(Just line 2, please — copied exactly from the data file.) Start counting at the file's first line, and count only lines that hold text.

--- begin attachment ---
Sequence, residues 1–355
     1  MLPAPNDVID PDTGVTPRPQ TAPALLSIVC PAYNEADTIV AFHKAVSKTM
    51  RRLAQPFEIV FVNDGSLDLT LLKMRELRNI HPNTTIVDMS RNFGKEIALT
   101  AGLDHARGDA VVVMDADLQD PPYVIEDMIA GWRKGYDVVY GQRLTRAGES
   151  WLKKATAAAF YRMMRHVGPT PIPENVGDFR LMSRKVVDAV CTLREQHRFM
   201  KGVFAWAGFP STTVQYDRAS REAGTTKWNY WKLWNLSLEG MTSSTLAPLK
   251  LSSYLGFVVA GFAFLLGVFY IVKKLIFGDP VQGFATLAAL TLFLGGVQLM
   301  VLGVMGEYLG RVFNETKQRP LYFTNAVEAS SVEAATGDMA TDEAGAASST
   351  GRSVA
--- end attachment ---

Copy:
     1  MLPAPNDVID PDTGVTPRPQ TAPALLSIVC PAYNEADTIV AFHKAVSKTM